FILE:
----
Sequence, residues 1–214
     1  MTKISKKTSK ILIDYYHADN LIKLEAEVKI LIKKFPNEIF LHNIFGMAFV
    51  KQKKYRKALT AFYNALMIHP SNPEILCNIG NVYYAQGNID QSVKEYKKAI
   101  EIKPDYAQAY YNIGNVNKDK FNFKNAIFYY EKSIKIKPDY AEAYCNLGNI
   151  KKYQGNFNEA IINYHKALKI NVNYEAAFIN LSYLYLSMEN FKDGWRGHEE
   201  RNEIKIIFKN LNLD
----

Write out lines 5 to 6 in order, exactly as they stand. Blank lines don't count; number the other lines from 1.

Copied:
   151  KKYQGNFNEA IINYHKALKI NVNYEAAFIN LSYLYLSMEN FKDGWRGHEE
   201  RNEIKIIFKN LNLD